A 56 inch long whip can only behave like a 56 inch whip. This is a basic law of physics. What the Miracle Whip (MW) and its derivatives do is match this whip on the HF and VHF bands. With a decent ground or counterpoise wire the MW may be only a couple of S-points down on a “decent” antenna on the higher HF bands. They work reasonably well and, in the past, I used my MW quite a bit, even from indoors. They are definitely NOT a miracle antenna, although they are not too bad. Since the owner, a Canadian called Robert, died there have been a few newcomers in the market.
Would I buy one today? Probably not. I have had better results with small loops. As a simply deployed mainly RX antenna they make an ideal companion for an FT817 or similar. Their beauty is their simplicity. If you want optimum performance in a small antenna there are better solutions. Small loops seem to work better, but then bandwidth becomes very narrow although loops don’t need grounds or counterpoises to work well. Personally, at QRP levels I’d use a loop every time.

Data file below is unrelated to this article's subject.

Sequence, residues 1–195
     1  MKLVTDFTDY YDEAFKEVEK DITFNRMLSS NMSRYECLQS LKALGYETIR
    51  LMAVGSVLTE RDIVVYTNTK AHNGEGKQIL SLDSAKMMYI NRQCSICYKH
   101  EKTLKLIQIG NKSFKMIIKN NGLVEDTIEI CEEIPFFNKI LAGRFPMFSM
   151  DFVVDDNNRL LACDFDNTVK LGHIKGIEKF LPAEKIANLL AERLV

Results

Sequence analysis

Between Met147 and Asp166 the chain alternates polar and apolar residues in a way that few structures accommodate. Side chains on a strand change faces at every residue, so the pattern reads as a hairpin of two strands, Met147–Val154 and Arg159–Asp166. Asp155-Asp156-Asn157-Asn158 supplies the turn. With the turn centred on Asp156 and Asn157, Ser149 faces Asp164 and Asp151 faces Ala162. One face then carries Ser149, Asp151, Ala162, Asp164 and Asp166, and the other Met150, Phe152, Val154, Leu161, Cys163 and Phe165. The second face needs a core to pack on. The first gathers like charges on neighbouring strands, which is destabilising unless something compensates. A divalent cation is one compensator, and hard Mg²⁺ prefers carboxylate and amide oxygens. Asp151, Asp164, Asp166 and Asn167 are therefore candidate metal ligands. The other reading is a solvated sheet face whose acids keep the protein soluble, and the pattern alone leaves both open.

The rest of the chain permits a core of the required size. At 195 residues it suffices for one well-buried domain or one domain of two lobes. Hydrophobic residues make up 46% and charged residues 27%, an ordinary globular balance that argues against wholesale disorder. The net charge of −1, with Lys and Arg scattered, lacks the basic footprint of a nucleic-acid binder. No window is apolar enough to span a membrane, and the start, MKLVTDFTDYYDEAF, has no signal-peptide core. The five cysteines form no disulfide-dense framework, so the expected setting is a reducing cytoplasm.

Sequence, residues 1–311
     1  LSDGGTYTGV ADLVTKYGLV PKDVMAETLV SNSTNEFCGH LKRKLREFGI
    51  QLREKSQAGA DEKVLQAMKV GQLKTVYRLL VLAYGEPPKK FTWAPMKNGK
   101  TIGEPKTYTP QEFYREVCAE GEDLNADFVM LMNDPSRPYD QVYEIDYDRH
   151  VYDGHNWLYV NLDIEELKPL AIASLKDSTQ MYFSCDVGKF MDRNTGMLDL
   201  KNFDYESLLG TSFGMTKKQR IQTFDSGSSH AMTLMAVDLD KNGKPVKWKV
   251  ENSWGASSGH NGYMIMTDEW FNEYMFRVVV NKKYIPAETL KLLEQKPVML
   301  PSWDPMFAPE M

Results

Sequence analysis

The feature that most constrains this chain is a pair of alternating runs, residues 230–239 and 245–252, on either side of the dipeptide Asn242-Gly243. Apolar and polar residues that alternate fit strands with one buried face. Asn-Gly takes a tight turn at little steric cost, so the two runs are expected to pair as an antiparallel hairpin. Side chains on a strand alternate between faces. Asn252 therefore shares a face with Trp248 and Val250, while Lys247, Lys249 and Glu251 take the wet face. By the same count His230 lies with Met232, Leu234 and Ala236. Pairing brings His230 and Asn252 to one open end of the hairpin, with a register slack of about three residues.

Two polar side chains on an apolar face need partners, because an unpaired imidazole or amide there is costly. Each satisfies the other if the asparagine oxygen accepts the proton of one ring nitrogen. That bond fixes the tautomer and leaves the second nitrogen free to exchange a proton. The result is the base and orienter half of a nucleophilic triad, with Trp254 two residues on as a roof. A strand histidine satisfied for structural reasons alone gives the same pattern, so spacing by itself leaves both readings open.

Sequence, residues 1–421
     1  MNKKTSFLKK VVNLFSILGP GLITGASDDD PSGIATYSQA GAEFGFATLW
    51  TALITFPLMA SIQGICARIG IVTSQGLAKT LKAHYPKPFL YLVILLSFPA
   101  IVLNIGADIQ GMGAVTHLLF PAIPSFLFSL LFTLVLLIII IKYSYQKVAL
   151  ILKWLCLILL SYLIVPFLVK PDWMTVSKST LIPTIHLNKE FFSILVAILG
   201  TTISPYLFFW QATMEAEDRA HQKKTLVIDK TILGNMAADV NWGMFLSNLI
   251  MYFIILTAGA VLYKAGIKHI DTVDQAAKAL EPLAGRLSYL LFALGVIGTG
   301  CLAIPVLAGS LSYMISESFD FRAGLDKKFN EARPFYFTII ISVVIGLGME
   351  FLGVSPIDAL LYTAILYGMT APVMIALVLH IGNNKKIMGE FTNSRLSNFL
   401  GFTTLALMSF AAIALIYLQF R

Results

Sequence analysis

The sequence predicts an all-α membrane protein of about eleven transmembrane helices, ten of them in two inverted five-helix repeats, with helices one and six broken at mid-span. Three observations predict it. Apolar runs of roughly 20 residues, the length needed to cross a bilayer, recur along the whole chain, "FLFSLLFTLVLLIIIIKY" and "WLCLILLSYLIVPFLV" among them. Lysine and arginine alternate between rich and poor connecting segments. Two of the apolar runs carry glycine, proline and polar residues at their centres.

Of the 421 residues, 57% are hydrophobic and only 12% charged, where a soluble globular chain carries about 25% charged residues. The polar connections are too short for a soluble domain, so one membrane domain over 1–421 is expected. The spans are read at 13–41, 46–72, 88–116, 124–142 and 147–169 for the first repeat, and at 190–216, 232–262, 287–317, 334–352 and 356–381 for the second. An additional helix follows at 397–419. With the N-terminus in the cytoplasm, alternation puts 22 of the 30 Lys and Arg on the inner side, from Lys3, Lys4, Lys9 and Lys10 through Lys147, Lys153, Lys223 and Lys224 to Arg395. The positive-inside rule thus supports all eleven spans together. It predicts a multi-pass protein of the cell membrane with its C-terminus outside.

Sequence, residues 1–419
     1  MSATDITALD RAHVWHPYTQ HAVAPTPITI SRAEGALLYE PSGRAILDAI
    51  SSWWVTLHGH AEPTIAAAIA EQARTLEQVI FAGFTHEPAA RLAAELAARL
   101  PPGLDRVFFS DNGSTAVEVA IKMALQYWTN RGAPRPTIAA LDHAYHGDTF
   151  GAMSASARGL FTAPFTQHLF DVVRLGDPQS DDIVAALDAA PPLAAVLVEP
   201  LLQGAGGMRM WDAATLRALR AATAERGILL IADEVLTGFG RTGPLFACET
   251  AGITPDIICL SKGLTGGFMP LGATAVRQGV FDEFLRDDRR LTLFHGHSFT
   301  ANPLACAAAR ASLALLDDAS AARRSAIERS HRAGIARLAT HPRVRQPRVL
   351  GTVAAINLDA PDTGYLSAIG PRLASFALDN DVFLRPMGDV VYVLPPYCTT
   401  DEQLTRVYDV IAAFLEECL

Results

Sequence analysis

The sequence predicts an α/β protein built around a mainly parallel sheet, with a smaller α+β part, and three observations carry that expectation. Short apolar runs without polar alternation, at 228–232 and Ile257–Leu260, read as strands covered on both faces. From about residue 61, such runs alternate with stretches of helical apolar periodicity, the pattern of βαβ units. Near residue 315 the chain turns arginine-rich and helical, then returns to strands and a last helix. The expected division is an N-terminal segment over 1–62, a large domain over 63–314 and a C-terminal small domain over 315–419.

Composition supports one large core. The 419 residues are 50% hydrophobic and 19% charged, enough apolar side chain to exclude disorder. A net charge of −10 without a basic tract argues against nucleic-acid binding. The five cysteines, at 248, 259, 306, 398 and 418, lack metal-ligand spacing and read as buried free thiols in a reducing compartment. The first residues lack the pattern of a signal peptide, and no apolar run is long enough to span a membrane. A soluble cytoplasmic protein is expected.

As Wheeler showed years ago, efficient small antennas are reactive and unless losses are minimised, efficiency suffers. This is a fundamental limitation. Although high permeability ferrites and high permittivity ceramics can help to alter the size of space near an antenna and “magnify” the effective size of small antennas, the effect is small unless there is a lot of ferrite with high permeability or a lot of ceramic with a high permittivity. In theory, a tiny antenna can be very efficient but you’d need superconductors and lossless capacitors! At the moment, sadly, neither are practical to mortals!